I assume the pension we are talking about here is the Armed Forces Pension Scheme 1975 (AFPS75) as the people must be old enough to claim it now.  It closed to new members in 2005, since when there have been 2 new schemes (2005 and 2015).  I doubt anyone from those newer schemes can have reached pension age yet unless they joined the forces later in life (unusual?).  Here's a link to the scheme rules https://assets.publishing.service.gov.uk/government/uploads/system/uploads/attachment_data/file/911030/FINAL_DRAFT_-_AFPS_75_Your_Scheme_Explained.pdf.   On a quick scan it looks quite similar to the Civil Service Pension Scheme (well, the one I get as they too have changed a couple of times recently), i.e. number of years x a measure of your earnings/salary.  It is payable at 55, so quite a lot earlier than the old Civil Service scheme that was payable at 60 and the State Pension which cuts in at 65 (and increasing as in Germany).   So, unless it is somehow not comparable with a "Rente" because it is paid pre-state pension age, and is not, in those circumstances, just a form of worldwide income, it is difficult to fathom why it would be excluded/exempt.
  7. KK contributions and UK military pensions

    John, could be but that is getting quite specialist/specific to a sub-population of veterans (if indeed it exists at all) and the post on the other forum seems to be pointed at veterans as a population.   Having re-read the other thread I am not sure how much I want to poke that hornets' nest again but perhaps veterans on here will be enthused to approach their local RBL branch to put some more meat on the bones, as it were. 
  8. KK contributions and UK military pensions

    Cheers, though I can't see anything in that link, or on the DVKA website that sheds any light on the Arbeitshilfe quote.  All very odd.  
  9. KK contributions and UK military pensions

    Thanks John.  I don't know the answers either but I got the impression that the person feels/felt they were doing other veterans a favour by passing on what they had received from their local Royal British Legion and saying they should all get their pens out and write to the KK to challenge the fact that they are paying KK contributions.  No mention of S1 or anything else.    Out of interest, do you know what that quoted Arbeitshilfe reference is all about?   Having poked the hornet nest on the other forum, I might go back and poke it again as it will to nobody's benefit is tens or hundreds of German-resident, pre-state-pension-age veterans start poking the various KK-hornet-nests... 
  10. KK contributions and UK military pensions

    It would be interesting to track that document down to see what it says.  I am sure one or other of the KK experts on here will set us in the right direction soon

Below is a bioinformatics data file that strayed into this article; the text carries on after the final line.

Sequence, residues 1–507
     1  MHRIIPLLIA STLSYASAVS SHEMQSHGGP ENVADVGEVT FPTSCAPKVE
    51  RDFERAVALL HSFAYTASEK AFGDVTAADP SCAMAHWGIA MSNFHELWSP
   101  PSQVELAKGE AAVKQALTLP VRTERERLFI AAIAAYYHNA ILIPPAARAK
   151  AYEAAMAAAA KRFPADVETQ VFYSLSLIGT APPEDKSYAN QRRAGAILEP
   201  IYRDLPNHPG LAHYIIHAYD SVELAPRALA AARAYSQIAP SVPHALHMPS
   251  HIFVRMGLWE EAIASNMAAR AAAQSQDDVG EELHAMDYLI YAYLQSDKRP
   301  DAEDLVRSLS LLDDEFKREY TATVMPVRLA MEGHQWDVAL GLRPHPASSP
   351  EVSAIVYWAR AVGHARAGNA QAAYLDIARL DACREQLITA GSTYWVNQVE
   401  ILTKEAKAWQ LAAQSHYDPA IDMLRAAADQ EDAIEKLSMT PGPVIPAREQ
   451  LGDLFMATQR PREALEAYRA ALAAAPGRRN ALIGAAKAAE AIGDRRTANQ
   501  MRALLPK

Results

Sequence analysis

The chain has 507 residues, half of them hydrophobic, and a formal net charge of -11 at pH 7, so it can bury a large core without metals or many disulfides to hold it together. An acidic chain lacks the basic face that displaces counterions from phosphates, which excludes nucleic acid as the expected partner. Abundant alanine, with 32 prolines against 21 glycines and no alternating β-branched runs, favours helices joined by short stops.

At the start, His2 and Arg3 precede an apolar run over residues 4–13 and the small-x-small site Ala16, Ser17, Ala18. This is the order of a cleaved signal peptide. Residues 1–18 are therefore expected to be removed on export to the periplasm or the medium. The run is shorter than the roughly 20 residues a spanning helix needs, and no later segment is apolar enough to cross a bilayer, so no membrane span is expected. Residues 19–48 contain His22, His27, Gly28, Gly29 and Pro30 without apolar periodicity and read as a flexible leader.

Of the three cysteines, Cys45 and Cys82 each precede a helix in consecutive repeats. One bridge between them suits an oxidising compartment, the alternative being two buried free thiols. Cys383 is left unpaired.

11. KK contributions and UK military pensions

    Interesting. The OP for the item was, per profile, an ex-Major and confirmed "I certainly pay no KK fees".  I guess he could be an S1 person (if that is possible) but all seems a little odd.
  12. Meaning of "national" in the UK/Germany DTA

    That would be my understanding.
  13. Not an issue that impacts on me but on another forum someone posted that some KKs have been including UK army pensions in the calculation of annual KK contributions, that this is incorrect and that people affected can claim overpaid contributions back.  However, the process is not automatic and people should write to their KK quoting "Arbeitshilfe zur beitragsrechtlichen Beurteilung von gesetzlichen Renten und Versorgungsbezügen aus dem Ausland des DVKA" and saying that payments made by Equiniti Paymaster should not be considered as a Rente or a Versorgungsbezug and as such the KK should not use the military pension in the calculation of yearly contributions.   Sounded odd to me because, on the surface, there seems little difference between a pension paid to an ex-service person and one paid to, say, an ex-civil servant or other publicly funded employment-related pension. I know the German KK rules are extremely complex, so such an all-encompassing statement may not paint the whole picture. I queried the comment, suggesting that people may want to do more research before just challenging their KK and got short shrift from the OP on the basis they were just passing on material received in a newsletter or whatever... They may be right but too many people on the internet "just pass on" things without considering the consequences.   I tried googling the quoted Arbeitshilfe but couldn't find anything that helped my understanding (could just demonstrate my inability to search the www) and everything else I scanned on the www or on here seems to suggest that the KK does look at military pension income. However some of those threads and articles are quite old, so things may have changed.   So, does anyone know whether military pension income should be excluded in some or all cases and if so, what differentiates a military pension from other publicly funded pensions and why the same principle would not apply to the double tax treaty too?  
  14. Meaning of "national" in the UK/Germany DTA

    Thanks @PandaMunich - glad to see I am still capable of reading and understanding tax documents 20 months after retiring -   
  15. I have just been looking at the DTA around pensions (what else) on another forum and at who has taxing rights for MOD pensions for those resident in Germany.    For pensions paid out of public funds, Article 18(2) is in point and sub-paragraph (a) would suggest that in normal circumstances the paying state retains taxing rights. However, that is overridden by sub-paragraph (b), which says, "such pensions and other similar remuneration shall be taxable only in the other Contracting State if the individual is a resident of, and a national of, that State." National for the purposes of the DTA is defined in Article 3 (j).   So, a Brit who is resident in Germany and in receipt of an Army or Air Force pension, is taxed on that pension, only by the UK (18(2)(a)).  But what if that person has taken German citizenship and so is a national of both states?  For salaries etc, that seems to be dealt with in 18(1) but what about pensions in 18(2)(b)?  Does that mean a person who takes German citizenship also transfers taxing rights of their publicly funded pension (but not the state pension), so civil service or military, to Germany?